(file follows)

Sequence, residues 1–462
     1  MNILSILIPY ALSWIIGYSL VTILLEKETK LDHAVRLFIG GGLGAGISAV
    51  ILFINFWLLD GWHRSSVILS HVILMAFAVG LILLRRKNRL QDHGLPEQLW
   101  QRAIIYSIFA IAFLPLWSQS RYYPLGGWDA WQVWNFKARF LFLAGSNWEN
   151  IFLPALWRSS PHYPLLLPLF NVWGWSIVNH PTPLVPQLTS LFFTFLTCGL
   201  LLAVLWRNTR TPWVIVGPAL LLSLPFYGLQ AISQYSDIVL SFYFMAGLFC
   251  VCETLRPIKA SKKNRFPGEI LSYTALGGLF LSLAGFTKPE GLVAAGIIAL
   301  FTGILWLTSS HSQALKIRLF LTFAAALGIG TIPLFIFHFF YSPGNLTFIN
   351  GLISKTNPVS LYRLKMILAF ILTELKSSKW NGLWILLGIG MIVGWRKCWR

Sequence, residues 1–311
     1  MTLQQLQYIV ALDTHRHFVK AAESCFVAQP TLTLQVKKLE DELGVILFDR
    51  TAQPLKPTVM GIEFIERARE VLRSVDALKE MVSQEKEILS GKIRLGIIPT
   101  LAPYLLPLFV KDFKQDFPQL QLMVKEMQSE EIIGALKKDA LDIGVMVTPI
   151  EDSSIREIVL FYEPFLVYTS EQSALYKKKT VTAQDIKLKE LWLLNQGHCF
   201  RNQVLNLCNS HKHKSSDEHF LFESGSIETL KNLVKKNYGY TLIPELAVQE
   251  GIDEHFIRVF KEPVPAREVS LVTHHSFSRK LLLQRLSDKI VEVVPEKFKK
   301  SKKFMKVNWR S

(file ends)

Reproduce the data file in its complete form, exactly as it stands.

Sequence, residues 1–462
     1  MNILSILIPY ALSWIIGYSL VTILLEKETK LDHAVRLFIG GGLGAGISAV
    51  ILFINFWLLD GWHRSSVILS HVILMAFAVG LILLRRKNRL QDHGLPEQLW
   101  QRAIIYSIFA IAFLPLWSQS RYYPLGGWDA WQVWNFKARF LFLAGSNWEN
   151  IFLPALWRSS PHYPLLLPLF NVWGWSIVNH PTPLVPQLTS LFFTFLTCGL
   201  LLAVLWRNTR TPWVIVGPAL LLSLPFYGLQ AISQYSDIVL SFYFMAGLFC
   251  VCETLRPIKA SKKNRFPGEI LSYTALGGLF LSLAGFTKPE GLVAAGIIAL
   301  FTGILWLTSS HSQALKIRLF LTFAAALGIG TIPLFIFHFF YSPGNLTFIN
   351  GLISKTNPVS LYRLKMILAF ILTELKSSKW NGLWILLGIG MIVGWRKCWR

Sequence, residues 1–311
     1  MTLQQLQYIV ALDTHRHFVK AAESCFVAQP TLTLQVKKLE DELGVILFDR
    51  TAQPLKPTVM GIEFIERARE VLRSVDALKE MVSQEKEILS GKIRLGIIPT
   101  LAPYLLPLFV KDFKQDFPQL QLMVKEMQSE EIIGALKKDA LDIGVMVTPI
   151  EDSSIREIVL FYEPFLVYTS EQSALYKKKT VTAQDIKLKE LWLLNQGHCF
   201  RNQVLNLCNS HKHKSSDEHF LFESGSIETL KNLVKKNYGY TLIPELAVQE
   251  GIDEHFIRVF KEPVPAREVS LVTHHSFSRK LLLQRLSDKI VEVVPEKFKK
   301  SKKFMKVNWR S